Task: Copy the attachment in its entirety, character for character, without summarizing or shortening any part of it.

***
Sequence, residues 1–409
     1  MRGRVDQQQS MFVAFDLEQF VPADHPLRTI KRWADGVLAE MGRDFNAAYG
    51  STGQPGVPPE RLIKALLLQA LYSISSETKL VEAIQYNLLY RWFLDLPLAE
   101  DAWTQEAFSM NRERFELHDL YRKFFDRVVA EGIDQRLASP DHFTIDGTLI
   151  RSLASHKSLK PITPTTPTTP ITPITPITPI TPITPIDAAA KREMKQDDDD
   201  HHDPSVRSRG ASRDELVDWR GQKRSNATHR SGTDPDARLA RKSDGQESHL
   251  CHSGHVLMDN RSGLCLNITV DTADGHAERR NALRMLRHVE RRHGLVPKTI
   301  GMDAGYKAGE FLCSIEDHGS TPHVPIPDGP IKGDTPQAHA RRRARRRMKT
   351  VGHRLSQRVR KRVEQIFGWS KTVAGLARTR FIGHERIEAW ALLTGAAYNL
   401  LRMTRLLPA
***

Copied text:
Sequence, residues 1–409
     1  MRGRVDQQQS MFVAFDLEQF VPADHPLRTI KRWADGVLAE MGRDFNAAYG
    51  STGQPGVPPE RLIKALLLQA LYSISSETKL VEAIQYNLLY RWFLDLPLAE
   101  DAWTQEAFSM NRERFELHDL YRKFFDRVVA EGIDQRLASP DHFTIDGTLI
   151  RSLASHKSLK PITPTTPTTP ITPITPITPI TPITPIDAAA KREMKQDDDD
   201  HHDPSVRSRG ASRDELVDWR GQKRSNATHR SGTDPDARLA RKSDGQESHL
   251  CHSGHVLMDN RSGLCLNITV DTADGHAERR NALRMLRHVE RRHGLVPKTI
   301  GMDAGYKAGE FLCSIEDHGS TPHVPIPDGP IKGDTPQAHA RRRARRRMKT
   351  VGHRLSQRVR KRVEQIFGWS KTVAGLARTR FIGHERIEAW ALLTGAAYNL
   401  LRMTRLLPA